by Deren Hansen
"But," you object, "we wouldn't have hobbits and Narnia if we only wrote what we know."
That might be true, if you take the advice literally.
the gossip game, where players relay whispered messages and then laugh
at the garbled version that comes out of the end of the chain, I suspect
we've received only a degenerate version of the advice.
We should say, "Write what you know, not what you think you know."
M. Montgomery's Anne thought she knew the style in which she should
write. Contemporary writers often think they should write in a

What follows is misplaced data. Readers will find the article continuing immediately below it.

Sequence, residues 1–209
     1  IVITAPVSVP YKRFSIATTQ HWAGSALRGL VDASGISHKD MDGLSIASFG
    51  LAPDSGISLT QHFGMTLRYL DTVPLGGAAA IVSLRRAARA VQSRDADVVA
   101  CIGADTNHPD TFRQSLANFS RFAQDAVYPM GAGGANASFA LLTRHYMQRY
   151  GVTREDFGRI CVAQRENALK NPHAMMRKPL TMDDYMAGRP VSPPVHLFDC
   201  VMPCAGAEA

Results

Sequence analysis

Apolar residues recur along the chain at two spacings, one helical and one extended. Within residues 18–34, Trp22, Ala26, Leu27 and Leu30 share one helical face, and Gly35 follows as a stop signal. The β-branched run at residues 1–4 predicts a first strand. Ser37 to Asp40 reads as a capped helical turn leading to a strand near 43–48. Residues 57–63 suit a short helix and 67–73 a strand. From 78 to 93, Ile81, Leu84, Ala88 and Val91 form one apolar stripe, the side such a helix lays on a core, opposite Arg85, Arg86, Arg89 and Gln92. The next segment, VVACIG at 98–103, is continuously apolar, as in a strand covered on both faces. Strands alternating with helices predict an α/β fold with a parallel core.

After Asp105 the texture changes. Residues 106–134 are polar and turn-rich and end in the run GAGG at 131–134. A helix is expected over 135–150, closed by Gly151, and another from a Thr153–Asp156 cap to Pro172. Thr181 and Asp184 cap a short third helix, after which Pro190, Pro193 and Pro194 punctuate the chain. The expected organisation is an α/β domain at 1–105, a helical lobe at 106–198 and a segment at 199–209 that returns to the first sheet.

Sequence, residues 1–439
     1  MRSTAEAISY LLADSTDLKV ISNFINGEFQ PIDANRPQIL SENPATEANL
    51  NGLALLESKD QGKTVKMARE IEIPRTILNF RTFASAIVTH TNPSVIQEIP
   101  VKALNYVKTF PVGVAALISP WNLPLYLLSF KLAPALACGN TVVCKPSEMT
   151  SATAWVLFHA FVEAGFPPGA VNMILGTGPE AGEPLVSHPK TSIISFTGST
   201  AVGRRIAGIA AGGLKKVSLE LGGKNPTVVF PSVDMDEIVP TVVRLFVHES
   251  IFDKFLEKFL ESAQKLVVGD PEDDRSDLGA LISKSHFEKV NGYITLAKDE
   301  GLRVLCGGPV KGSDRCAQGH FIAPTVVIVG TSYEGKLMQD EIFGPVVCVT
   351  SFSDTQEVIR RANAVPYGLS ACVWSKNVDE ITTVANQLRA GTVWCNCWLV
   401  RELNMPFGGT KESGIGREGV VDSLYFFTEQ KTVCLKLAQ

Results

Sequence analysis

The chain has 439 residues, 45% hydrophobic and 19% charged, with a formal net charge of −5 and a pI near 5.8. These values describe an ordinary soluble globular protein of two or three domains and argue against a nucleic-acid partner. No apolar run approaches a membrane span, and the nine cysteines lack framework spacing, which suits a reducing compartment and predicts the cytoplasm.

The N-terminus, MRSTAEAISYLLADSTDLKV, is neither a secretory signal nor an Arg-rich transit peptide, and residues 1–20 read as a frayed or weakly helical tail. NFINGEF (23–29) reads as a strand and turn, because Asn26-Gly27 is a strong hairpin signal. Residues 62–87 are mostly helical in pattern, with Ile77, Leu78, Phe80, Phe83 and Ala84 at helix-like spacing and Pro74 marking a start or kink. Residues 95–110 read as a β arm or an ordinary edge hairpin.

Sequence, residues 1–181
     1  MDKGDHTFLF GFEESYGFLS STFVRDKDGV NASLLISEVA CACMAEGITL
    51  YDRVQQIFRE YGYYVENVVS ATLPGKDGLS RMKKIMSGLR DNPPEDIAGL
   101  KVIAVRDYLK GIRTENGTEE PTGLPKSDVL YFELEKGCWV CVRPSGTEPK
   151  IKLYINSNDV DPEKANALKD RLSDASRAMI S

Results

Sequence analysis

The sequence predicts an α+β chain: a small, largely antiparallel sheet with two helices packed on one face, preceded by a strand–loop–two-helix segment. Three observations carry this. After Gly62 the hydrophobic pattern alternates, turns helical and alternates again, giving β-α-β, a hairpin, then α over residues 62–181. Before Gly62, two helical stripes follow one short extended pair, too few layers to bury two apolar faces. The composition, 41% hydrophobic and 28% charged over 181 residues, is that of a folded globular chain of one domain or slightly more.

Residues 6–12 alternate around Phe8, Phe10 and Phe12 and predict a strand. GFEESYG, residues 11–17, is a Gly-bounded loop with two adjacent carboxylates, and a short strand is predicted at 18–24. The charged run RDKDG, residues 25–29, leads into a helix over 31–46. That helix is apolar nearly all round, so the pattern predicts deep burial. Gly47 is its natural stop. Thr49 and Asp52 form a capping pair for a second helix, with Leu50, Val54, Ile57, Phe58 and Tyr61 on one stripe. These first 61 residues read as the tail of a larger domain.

particular genre (sparkly vampires) or to a particular audience (YA)
because they know those are hot.
what you know and what you think you know is often difficult because
most of what we know is actually what we think we know.
it would be less confusing to say that writing what you know isn't
about the facts and information at your command, or even about your
experiences. Writing what you know is fundamentally about what you
The advice to "write what you know" should
also be understood as advice to, "Write what you love." Sometimes your
heart knows what you know better than your reason.
That's why, if you love a world no one else has seen yet, you can honestly say you're writing what you know.
Deren blogs daily at The Laws of Making.